Good News for Londoners, and The Truth About TfL Budgets

As readers probably know, the Mayor of London, Sadiq Khan, has run out of money with the result that Transport for London has had to be bailed out by the Government. The Mayor subsequently decided to raise the Congestion Tax by 30% and restrict usage of the Freedom Pass. That’s bad news but one consequence is that the funds provided by TfL to London boroughs for such projects as “Healthy Neighbourhoods” or “Mini-Hollands” will be curtailed.

An article in Local Transport Today (LTT) reports that in a letter to Transport Commissioner, Mike Brown, borough representatives have complained about what this will mean in terms of their operations and their ability to deliver transport projects.

Local boroughs are under great financial pressure from the Covid-19 epidemic because it has resulted in a loss of much of their parking income and PCNs. Now they may lose one of the major sources of funds for transport projects. To quote from the LTT article: “Frost and Jones say there is a risk that boroughs may “no longer be able to assist TfL in delivering the Mayor’s Transport Strategy (MTS) in any meaningful way.  This would be particularly damaging because, as the MTS acknowledges, the boroughs are a key delivery partner as the authorities, which manage the vast majority of London’s highway network. They say a “severe reduction” in borough capacity will also “hamper the opportunity for officers to work with TfL to explore how some of the positive behaviour changes observed on the network in recent weeks (improved air quality, more active travel, reduced private vehicle trips etc) can be locked-in and a ‘new normal’ forged.  This could therefore represent an historic missed opportunity in what is likely to be a very small window of time where people may be open to doing things radically differently”.

The ABD suggests that scrapping projects that involve road closures, reducing road capacity and the expenditure on more cycle lanes which are little used would be a very good idea indeed. We have been campaigning against the MTS since it was launched as it is a misconceived attempt to change travel behaviour, force people to travel as the Mayor and TfL want rather than by their choice, and has never been justified by any cost/benefit analysis.

One example of the new financial limitations was indicated in a note issued by a Lewisham councillor. It said: “Healthy Neighbourhoods – while the lockdown has highlighted how pleasant life can be without traffic, TfL’s parlous finances mean it has halted funding for HNP. The Council is looking at whether and how the plans for Lee Green and central Lewisham can be integrated into some temporary measures we have funding for as part of Covid-19 response that would encourage social distancing, walking and cycling. We expect to be able publish these within the next few weeks”.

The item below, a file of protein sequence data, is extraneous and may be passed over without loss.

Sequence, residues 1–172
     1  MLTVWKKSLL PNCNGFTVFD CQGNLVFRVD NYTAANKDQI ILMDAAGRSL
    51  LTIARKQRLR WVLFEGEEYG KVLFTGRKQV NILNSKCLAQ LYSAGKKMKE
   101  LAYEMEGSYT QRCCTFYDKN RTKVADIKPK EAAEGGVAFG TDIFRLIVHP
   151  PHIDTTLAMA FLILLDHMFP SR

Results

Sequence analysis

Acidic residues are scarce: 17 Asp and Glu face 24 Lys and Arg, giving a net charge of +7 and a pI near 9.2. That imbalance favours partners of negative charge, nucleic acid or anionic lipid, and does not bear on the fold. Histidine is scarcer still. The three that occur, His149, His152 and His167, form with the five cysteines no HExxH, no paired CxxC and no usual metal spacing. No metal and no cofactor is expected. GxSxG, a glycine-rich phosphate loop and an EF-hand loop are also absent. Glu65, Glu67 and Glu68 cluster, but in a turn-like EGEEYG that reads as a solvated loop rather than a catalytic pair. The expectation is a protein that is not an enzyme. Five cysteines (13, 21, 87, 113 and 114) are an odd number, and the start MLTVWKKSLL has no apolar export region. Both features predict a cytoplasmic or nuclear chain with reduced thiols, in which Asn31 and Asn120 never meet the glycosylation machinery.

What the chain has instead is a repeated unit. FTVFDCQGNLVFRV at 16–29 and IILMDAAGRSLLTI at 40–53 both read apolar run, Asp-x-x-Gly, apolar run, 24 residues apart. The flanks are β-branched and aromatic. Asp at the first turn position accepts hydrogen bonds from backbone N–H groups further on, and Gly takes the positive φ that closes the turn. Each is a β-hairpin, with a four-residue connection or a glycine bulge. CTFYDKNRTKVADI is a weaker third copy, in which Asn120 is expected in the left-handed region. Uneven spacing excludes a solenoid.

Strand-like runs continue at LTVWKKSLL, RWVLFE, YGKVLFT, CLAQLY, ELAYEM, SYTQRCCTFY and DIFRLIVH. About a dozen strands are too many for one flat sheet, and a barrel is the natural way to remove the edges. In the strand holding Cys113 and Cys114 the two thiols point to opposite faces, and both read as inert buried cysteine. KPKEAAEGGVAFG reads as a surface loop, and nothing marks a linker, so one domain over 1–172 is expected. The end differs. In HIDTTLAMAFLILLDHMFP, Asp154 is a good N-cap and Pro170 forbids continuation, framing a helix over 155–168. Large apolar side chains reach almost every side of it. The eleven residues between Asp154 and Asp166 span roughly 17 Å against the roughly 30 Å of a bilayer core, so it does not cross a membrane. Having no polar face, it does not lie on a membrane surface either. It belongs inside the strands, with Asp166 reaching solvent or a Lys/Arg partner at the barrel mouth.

It seems neither the Council nor central Government is giving up on wanting us all to walk and cycle everywhere to relieve the pressure on public transport and avoid the close contact and hence infection risk on buses and the underground. But the Mayor’s policy of raising the Congestion Tax and taxes such as the ULEZ will pressure people to stop using cars and move to public transport. It’s simply irrational.

A good letter was published in the Times newspaper on this subject from John Hines who lives in Loughton, Essex. This is part of what it said: “This is bound to push more travellers back on to trains, the Tube and buses, where social distancing is next to impossible. One would hope he has calculated the effect this will have on the R number. He should be held to account, particularly as many of us who travel into London do not live in London and have no say in who is elected mayor”.

The Government has made it plain that it was solely the Mayor’s decision to raise the Congestion Tax and that he should not blame them. They also said this in a note issued on the bail-out: “The settlement for TfL was needed for two reasons. Most important is the significant fall in revenue caused by COVID-19. However, an important secondary factor was the pre-existing poor condition of TfL’s financial position as a result of decisions made over the last 4 years. Combined with significant cost increases and delays to Crossrail, this left TfL in serious financial difficulty even before the public health emergency.

The Mayor has claimed a great success in achieving a reduced operating loss in TfL. But this ignores all the wasted capital expenditure on projects such as Cycle Superhighways and the interest on debt that has risen to record levels. A proper analysis of the financial position of TfL, issued before the epidemic hit, is here: https://abdlondon.wordpress.com/2020/01/17/tfl-business-plan-and-budget-for-the-next-5-years-more-of-the-same/